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Amr Ibn El As Mosque Old Cairo


From a chronological point of view we should have begun with Amr Mosque which was the first mosque erected in Egypt directly after the Arab conquest. It is known as the mosque of conquest or the crown mosque. It is the oldest of the few places that carry the mind and imagination back to the first days of the Arab conquest.

Soon after Amr had conquered Alexandria, he returned to the site of his camp and there founded the city of Fustat. The city started with the house and the mosque followed. The foundation of the mosque was laid in 642 A.D., the building was very simple; it was 29 meters long by 17 meters wide, and surrounded by a rough and unplastered brick wall, when Amr built it. The floor was covered with grave and its low roof made of mud supported with palm branches lying across tree trunks. There was no minaret, no niche, and not even any decoration. The pulpit which Amr constructed was soon removed when the Caliph Omar wrote to Amr saying that it was not right to stand up while the Moslems all around sat. at that time the Nile used to wash the walls of the mosque and the gates opened directly into the water.

The mosque soon became to small for the growing population of Fustat. In 672 it was enlarged, the walls and ceiling were plastered, four small minarets were erected at the four corners to allow the muezzin to call the Moslems for prayer, and the floor was covered with mats.

In 698, the entire mosque was demolished and rebuilt on a large scale and to a better design. In 710 it was pulled down again to be rebuilt on a still larger scale with a niche and a pulpit and the walls were pierced by doors. At that time the mosque included both the sites of Amr's and Abdalla's houses which were nearby. Then in 827 Abdallah Ibn Taher ordered the mosque to be enlarged to the present dimensions of 112.5 X 120.5 meters, which is sixteen times what it was when first founded.

In 1168 Fustat was burned to prevent it from falling into the hands of the Crusaders. It is said that the fire raged for 54 days and damaged all the buildings. The mosque escaped but was much damaged. So many have been the repairs and reconstructions that there is not even a fragment of the original structure left. What we see today is the mosque practically rebuilt in 1401 and restored by Murad Bey in 1797, just before he engaged the French in the battle of the Pyramids at Embaba. The inauguration of the mosque was on the last Friday of the fasting month of Ramadan and it is still the custom to pray on that day every year in the mosque. It is moreover said in this connection that Amr himself died on the last Friday of Ramadan, and this cited as an additional reason for the special service held on that day.

The mosque of Amr consists of a court measuring 40.000 square feet surrounded by colonnades. A forest of columns supports the roof at the east cloister which is reserved for prayer. The columns are said to have been 392 in number; 154 in the southern iwan, 42 in the western, 154 in the northern and 42 in the eastern. Both the eastern and some of the western columns still stand while of the others, only the bases are left to show where they stood. The columns are all of veined marble. Some of them differ a little in the height of the shaft but this defect has generally been remedied by the addition of a plinth or an inverted capital for a base. The capitals are of many different forms, having been taken from various ancient temples and churches, as were also the columns. Wooden beams stretch from column to column and support hanging lamps of which 1800 formerly used to be lighted every night.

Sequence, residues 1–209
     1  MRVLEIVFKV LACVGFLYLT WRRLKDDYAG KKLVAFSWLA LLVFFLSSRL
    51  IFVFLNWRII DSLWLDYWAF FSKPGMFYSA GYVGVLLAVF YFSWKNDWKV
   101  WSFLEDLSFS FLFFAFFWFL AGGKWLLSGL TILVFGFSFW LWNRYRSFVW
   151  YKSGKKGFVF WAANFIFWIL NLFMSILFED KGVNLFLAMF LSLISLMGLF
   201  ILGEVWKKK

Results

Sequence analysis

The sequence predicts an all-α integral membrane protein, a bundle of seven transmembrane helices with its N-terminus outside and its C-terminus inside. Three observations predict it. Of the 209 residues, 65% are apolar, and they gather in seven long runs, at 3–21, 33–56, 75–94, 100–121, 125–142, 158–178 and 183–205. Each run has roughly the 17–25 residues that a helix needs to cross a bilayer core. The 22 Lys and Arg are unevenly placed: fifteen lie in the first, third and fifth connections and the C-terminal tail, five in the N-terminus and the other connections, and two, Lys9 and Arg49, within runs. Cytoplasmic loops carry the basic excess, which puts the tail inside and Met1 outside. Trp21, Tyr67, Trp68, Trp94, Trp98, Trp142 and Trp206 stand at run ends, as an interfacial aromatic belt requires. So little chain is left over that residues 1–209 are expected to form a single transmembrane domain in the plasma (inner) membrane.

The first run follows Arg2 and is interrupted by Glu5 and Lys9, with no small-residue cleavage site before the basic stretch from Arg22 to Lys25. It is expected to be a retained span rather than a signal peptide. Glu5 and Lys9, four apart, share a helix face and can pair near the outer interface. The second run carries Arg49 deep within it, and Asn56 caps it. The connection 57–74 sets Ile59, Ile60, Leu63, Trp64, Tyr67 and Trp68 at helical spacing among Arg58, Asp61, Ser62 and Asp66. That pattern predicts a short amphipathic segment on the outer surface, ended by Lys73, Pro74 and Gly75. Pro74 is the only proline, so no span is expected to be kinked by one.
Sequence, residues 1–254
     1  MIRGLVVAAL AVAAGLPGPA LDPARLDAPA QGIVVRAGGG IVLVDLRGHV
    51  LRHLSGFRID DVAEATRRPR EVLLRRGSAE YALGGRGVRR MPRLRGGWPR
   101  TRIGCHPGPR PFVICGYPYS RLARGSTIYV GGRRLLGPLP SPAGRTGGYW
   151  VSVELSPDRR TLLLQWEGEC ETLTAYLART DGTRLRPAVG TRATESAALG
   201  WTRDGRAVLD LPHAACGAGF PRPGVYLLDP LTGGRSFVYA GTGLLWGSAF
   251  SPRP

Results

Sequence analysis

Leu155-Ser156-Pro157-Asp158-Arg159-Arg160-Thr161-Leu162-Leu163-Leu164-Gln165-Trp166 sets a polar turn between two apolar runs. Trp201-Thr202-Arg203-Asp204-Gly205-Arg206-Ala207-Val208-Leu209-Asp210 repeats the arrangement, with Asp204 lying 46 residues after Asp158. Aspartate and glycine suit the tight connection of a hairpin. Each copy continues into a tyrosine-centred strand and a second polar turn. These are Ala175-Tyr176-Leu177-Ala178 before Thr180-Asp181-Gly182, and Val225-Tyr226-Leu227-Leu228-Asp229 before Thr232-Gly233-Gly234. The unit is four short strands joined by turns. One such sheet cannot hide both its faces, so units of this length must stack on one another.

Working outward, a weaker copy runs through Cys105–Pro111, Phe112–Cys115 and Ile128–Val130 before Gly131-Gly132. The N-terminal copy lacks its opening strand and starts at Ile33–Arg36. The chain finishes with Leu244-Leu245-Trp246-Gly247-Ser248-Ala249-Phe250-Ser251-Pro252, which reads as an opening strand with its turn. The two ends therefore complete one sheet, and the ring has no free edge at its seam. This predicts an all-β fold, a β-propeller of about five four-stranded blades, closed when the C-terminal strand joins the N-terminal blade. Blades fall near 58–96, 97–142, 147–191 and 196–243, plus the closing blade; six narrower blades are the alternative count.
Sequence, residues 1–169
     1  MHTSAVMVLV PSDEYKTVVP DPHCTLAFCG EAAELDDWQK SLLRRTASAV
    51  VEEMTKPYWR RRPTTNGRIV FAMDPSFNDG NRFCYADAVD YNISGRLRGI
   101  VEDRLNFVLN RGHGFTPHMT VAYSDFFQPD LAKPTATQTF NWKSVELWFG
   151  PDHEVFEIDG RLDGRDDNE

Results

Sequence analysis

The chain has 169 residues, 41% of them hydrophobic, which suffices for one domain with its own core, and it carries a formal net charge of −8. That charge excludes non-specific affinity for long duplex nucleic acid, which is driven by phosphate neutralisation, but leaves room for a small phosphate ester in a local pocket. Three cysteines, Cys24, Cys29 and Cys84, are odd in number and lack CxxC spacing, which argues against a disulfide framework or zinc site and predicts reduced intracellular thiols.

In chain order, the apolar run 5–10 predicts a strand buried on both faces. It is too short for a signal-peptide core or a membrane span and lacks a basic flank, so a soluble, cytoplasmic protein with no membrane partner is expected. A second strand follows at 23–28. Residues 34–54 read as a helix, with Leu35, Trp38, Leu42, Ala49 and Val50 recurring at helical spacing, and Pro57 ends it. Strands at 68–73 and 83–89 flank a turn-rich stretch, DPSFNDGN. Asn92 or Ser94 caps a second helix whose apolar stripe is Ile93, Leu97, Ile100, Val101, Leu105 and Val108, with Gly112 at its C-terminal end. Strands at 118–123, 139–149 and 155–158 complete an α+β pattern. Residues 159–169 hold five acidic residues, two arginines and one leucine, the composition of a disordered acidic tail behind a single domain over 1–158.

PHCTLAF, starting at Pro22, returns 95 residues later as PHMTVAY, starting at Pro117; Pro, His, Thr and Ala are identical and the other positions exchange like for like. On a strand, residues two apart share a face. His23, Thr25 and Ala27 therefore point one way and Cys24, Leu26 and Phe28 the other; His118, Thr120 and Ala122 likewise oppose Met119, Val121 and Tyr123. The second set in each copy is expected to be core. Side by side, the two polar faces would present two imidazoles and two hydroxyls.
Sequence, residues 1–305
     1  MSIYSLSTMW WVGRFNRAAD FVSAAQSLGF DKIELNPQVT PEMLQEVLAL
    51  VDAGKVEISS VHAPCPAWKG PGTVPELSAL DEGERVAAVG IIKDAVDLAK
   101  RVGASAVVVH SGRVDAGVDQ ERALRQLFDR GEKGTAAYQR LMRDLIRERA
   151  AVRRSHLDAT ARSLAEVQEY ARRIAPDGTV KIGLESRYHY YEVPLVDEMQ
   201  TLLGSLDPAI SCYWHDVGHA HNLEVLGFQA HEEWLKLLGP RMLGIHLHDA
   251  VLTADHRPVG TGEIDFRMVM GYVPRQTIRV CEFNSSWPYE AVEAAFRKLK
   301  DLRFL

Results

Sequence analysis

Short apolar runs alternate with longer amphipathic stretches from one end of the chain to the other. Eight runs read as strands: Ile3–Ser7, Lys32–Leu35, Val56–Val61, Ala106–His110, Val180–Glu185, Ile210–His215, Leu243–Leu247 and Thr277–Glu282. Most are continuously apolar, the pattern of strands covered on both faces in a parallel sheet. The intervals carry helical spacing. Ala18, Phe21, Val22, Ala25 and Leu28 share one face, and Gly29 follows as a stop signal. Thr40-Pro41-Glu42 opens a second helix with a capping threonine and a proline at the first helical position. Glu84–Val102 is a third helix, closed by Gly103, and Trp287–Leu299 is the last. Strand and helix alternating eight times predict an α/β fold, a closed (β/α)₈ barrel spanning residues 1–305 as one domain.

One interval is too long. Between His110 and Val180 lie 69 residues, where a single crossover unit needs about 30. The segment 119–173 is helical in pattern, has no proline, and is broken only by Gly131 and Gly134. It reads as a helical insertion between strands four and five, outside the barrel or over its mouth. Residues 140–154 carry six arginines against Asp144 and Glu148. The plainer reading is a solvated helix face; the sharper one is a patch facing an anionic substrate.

At the south eastern corner there is a shrine said to be for Abdallah, the son of Amr Ibn El Ass, founder of the mosque. It is said that he was killed in 648 while defending Egypt against the invasion of Marawan Ibn El Hakim and was buried inside his house. When the mosque was enlarged it took in the site which had been Abdallah's house and therefore his tomb. Historians disagree about this story, most of them maintaining that he was not buried there.

Amr Ibn El Ass died in 663 and was buried at the foot of the Mokattam hills, although all traces of the burial are lost.

The mosque has passed through periods of ruin and destruction and has been repaired and restored many times. The chief items of interest are the twin columns standing close to each other near the main entrance. It so happened in 1870 that a Turkish soldier stuck fast between them and nearly died. For that reason the space in between was filled up with bricks, but they have lately been removed. Another column with an iron railing round it, close to the Minbar, is said to have been miraculously transport from Mecca to Cairo by the Caliph Omar at the request of Amr Ibn El Ass. Legend says that the column first disobeyed, then Omar whipped it, and in proof of the story, the mark of the whip in the veining of the marble is still pointed out.

The importance of the mosque does not consist solely in the fact that, it is the oldest mosque established in Egypt. It was also the oldest venerable Moslem place which radiated its light and labored with unremitting activity during nine centuries. It housed also the public treasure of funds allocated for orphans, and served as the hall of Justice for hearing cases and settling disputes of a religious or civil nature. One day in 1808 Moslems, Christians and Jews in Egypt assembled together in the mosque to pray for the rise of the Nile which was delayed beyond the usual period, and it happened that on the following day the level of water increased.